Newly Discovered Primate Species Labeled Critically Endangered: With Only 260 Left


Recently, scientists have made the discovery of a new primate species residing in the area around Myanmar; but they are already on the brink of extinction.


The endangered species has been named the “Popa langur” as a result of their residence on the sacred pilgrimage site of Mount Popa, CBS News maintained. Some distinguishing features of the Popa langur include their unique eye patches that resemble spectacles, long tails, and gray fur with a crest on top of their head.


Scientists believed that most of the herbivore species have disappeared from extensive habitat loss and hunting, but it was suggested that a few may still be found in Myanmar. According to, the rare study that documented the find of the Popa langur was recorded in Zoological Research Journal on November 10, 2020, joining 512 other documented primate species around the globe.


“Sadly, this is a bittersweet discovery due to the limited number of individuals left in the wild and fragmented populations,” Roberto Portela Miguez, a senior curator at the Natural History Museum, stated in CNN. The Popa langur had been labeled as “critically endangered” by researchers, who estimated that there were roughly 200-260 of them left.


In order to verify the Popa langur as a new primate species, researchers from the Fauna and Flora International (FFI) and the German Primate Center (GMC) conducted surveys of the langurs by gathering samples and DNA from their cousins, whose scientific name is the ‘Trachypithecus’ species. As specified in, scientists also studied specimens from several museums in addition to their data collected from surveys and samples. A lot of these were compared with sample specimens from the collection of British zoologist Guy C. Shortridge, including a Trachypithecus specimen he discovered in 1913.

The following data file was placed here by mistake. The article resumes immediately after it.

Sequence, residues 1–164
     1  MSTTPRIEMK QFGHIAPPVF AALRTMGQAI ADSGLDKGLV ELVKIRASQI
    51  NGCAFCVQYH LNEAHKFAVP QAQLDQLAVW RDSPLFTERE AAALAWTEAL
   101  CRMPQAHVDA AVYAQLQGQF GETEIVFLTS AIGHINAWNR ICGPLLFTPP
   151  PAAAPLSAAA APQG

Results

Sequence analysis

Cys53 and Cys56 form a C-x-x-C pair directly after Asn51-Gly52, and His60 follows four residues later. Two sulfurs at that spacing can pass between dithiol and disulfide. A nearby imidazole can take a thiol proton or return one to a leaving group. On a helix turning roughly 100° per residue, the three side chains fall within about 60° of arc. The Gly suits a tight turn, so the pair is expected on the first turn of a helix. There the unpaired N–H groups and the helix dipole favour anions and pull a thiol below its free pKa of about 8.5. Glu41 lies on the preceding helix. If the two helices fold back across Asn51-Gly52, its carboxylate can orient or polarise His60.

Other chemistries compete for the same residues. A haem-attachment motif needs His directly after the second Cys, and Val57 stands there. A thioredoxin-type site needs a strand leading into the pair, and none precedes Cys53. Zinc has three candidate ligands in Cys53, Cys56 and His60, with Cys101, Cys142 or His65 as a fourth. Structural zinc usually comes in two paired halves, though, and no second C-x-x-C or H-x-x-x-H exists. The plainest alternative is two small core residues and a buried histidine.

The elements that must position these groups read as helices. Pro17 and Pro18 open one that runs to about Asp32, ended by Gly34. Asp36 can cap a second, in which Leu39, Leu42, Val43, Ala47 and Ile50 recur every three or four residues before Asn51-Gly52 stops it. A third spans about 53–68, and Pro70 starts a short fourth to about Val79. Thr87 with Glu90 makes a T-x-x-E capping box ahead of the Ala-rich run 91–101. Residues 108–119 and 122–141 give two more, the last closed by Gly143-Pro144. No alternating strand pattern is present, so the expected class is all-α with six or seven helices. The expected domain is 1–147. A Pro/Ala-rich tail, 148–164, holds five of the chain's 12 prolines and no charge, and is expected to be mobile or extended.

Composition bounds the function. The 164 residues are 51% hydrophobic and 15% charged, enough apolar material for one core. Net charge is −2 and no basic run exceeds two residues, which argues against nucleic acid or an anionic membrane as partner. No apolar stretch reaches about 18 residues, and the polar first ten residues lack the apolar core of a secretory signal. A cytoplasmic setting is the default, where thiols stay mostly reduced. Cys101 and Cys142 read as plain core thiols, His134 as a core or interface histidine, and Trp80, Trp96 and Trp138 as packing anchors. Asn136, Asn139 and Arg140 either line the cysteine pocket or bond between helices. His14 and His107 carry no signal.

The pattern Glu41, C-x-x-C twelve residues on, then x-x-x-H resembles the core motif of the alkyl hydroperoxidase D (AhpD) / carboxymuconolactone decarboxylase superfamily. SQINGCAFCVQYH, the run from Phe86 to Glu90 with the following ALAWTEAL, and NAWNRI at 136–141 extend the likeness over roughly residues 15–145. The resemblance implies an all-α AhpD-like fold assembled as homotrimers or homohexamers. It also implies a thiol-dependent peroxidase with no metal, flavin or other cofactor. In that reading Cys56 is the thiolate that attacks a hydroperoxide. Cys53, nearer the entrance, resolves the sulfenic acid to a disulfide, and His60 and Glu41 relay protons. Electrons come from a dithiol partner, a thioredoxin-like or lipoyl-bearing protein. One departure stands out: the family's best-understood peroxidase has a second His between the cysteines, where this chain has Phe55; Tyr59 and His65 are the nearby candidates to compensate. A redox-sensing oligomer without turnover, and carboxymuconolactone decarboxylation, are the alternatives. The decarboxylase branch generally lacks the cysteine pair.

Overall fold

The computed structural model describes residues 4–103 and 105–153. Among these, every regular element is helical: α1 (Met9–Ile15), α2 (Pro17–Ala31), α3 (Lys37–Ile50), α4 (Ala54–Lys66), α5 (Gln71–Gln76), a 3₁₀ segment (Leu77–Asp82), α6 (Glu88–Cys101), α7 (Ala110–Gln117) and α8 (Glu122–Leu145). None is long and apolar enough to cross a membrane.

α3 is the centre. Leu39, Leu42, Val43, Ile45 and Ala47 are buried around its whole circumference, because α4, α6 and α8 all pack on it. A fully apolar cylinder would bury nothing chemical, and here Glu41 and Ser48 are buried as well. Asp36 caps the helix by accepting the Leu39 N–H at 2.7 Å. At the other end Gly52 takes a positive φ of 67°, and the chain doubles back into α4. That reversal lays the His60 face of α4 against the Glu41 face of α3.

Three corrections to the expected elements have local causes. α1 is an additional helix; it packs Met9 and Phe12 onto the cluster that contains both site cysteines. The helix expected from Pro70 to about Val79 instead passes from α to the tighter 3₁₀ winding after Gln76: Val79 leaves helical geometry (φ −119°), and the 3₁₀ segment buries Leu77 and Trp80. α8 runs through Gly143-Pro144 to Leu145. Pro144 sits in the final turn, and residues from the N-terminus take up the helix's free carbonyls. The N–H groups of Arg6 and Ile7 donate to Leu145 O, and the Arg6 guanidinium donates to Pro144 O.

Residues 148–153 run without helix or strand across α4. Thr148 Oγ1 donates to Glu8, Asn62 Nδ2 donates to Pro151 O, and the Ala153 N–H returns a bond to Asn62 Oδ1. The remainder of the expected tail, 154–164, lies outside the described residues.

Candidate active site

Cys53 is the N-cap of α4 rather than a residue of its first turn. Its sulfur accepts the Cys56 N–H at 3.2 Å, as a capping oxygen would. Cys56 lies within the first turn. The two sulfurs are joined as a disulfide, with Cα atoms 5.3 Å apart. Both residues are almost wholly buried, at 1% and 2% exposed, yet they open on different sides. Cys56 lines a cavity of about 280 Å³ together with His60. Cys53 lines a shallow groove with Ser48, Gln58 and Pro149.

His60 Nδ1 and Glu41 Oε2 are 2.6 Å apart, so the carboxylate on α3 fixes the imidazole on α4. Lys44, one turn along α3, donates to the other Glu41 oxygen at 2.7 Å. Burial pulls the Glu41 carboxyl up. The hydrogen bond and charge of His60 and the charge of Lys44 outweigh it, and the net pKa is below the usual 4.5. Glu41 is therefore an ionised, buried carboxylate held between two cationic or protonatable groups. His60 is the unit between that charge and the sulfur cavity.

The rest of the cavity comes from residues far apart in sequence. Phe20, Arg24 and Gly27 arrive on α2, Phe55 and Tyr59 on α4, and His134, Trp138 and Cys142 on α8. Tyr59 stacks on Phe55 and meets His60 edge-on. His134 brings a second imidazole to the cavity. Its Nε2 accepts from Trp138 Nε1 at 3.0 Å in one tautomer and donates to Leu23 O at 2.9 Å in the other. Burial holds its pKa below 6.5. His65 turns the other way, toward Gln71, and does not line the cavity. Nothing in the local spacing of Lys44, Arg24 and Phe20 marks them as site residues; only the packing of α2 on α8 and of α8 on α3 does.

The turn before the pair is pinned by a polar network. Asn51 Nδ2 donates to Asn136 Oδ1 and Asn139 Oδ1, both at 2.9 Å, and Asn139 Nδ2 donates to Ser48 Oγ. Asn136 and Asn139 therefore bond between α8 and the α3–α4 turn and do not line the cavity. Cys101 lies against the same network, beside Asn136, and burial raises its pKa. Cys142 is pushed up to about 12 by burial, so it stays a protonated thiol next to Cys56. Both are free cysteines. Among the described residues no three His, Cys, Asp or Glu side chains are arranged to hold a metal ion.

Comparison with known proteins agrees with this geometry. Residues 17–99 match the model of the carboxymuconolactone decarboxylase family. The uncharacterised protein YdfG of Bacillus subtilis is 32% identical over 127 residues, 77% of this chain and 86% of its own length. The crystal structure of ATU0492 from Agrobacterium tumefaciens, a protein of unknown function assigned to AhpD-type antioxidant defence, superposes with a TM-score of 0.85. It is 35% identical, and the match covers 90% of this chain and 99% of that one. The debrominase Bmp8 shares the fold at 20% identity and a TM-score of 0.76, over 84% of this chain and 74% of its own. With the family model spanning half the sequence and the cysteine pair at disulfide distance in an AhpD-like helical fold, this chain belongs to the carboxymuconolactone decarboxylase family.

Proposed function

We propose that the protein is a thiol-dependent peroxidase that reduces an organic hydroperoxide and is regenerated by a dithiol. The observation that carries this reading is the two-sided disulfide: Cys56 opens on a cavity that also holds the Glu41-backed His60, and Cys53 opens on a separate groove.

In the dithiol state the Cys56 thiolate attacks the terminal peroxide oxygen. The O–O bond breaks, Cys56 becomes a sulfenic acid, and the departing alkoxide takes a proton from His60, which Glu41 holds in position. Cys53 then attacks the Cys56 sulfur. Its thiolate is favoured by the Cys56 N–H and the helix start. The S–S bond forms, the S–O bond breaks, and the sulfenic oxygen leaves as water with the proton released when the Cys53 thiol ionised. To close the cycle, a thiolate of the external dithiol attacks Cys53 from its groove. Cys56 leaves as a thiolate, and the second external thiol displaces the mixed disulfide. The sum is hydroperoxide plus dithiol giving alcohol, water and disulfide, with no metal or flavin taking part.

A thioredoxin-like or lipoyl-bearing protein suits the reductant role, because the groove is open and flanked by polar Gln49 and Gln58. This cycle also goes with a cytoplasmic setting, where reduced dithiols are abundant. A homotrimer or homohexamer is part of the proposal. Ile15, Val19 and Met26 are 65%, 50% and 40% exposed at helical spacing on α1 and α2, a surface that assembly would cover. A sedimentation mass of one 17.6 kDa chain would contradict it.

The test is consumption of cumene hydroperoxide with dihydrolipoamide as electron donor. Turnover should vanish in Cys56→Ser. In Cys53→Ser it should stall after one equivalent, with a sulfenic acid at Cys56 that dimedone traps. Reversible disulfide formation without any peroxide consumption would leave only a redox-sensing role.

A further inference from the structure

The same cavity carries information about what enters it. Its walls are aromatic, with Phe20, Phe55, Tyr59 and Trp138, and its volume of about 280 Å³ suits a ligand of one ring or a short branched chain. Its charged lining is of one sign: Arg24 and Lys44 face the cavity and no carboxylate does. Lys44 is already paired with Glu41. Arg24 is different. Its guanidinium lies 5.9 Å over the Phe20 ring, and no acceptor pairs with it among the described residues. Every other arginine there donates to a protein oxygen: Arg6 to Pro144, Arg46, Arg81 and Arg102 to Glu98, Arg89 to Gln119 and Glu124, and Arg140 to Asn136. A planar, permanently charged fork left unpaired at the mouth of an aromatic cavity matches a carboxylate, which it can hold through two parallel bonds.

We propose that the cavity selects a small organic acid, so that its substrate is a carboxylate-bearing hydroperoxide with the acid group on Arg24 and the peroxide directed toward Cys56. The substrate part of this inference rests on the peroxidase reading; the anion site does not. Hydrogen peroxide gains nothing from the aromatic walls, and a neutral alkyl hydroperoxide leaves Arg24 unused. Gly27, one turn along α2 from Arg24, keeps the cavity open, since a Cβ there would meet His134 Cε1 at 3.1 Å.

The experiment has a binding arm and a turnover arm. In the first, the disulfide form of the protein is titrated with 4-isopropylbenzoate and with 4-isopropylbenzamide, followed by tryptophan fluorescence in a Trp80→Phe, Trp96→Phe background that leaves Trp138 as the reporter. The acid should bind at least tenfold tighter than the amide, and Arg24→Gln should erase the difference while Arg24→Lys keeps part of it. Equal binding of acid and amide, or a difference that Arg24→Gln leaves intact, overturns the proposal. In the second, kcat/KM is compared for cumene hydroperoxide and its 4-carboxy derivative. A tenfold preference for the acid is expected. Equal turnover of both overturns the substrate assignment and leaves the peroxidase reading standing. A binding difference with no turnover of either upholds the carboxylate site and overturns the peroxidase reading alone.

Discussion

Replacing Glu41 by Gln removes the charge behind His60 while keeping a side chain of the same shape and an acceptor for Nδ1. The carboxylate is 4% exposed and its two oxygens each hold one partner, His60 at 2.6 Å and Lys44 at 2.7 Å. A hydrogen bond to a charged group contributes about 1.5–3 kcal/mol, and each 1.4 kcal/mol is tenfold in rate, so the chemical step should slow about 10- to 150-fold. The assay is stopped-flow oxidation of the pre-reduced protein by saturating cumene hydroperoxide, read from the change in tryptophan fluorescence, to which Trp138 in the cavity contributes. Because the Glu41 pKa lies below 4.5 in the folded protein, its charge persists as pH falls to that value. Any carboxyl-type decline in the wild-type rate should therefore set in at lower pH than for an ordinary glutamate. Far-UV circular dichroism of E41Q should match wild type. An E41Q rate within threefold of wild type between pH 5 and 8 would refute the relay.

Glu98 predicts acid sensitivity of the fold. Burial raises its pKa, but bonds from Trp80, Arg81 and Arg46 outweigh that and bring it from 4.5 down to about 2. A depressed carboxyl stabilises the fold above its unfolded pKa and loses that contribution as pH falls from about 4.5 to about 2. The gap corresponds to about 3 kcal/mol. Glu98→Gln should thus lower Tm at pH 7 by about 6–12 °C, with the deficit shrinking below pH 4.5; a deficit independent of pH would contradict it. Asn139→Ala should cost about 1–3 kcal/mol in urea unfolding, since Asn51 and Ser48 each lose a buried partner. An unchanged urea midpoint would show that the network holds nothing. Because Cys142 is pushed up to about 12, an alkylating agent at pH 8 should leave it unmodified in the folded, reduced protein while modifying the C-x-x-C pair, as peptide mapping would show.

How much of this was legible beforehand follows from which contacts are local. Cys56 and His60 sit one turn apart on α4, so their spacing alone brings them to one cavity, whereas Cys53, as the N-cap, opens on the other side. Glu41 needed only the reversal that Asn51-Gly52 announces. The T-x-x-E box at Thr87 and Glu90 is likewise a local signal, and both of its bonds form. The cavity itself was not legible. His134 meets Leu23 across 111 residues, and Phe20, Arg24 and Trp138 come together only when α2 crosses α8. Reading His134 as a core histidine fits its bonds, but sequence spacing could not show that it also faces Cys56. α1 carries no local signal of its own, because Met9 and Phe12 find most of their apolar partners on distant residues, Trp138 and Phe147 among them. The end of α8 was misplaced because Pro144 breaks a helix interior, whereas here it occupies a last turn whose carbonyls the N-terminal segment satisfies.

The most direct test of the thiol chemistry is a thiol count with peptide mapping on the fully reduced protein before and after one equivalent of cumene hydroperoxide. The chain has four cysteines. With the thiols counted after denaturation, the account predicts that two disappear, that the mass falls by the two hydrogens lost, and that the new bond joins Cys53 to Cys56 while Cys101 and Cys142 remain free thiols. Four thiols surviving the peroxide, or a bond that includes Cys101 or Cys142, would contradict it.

Subtle differences between closely-related species, such as physical differences in tail length, fur color, and skull shape, have been noted and offered clues that the Popa langurs is a new undocumented species, according to CNN. From the genetic variations, scientists deduced “that the Popa langur separated from other known species around one million years ago,” BBC added.


Acquired from Myanmar, an over 100-year-old primate specimen preserved in the London Natural History Museum proved to be an essential component of the research. Close examination of the specimen by a team of international researchers, during which the skin and skull were meticulously inspected, confirmed the discovery of the Popa langurs. CBS News reported, “They compared its genetics to closely related species, finding unique features including larger molars and an elongated skull.” Researchers later published their genetic analysis in the Zoological Research Journal, categorizing a previously documented species into three different ones.


“The new species is critically endangered because its numbers are phenomenally low,” Miguez explained, “There are about four different populations, with the most viable population of the Popa langur containing just over a hundred individuals. In total across the five populations, we estimate between just 200 to 260 animals left.”


Whereas the study has indicated that the Popa langurs may have once been common all across central Myanmar, only a few groups have survived to this day. Within the last decade, the country has authorized international collaborations with scientists, BBC stated. This led to the discovery of new species ranging from reptiles to amphibians, though a new primate species is rarely discovered.


Home to over a hundred Popa langurs, Mount Popa also happens to hold an important wildlife sanctuary. Unfortunately, threats against the endangered primate species remained unresolved, CNN maintained. “Although Mount Popa is a national park, meaning the species that occur there are legally protected, hunting and deforestation for the timber industry and fuelwood still occur,” Miguez illustrates. Prompted by Myanmar’s rapid growth of industry in recent years, agricultural encroachment, environmental degradation, and disturbances to the land such as that of free cattle grazing contributed to the near extinction of the Popa langurs.


Following the study confirming the existence of the Popa langurs as a new species, scientists called for the addition of the Popa langurs to the lists of threatened species on international agencies, including the International Union for Conservation of Nature (IUCN) and the Convention on International Trade in Endangered Species (CITES).


Miguez concluded, “The hope is that by giving this species the scientific status and notoriety it merits, there will be even more concerted efforts in protecting this area and the few other remaining populations.”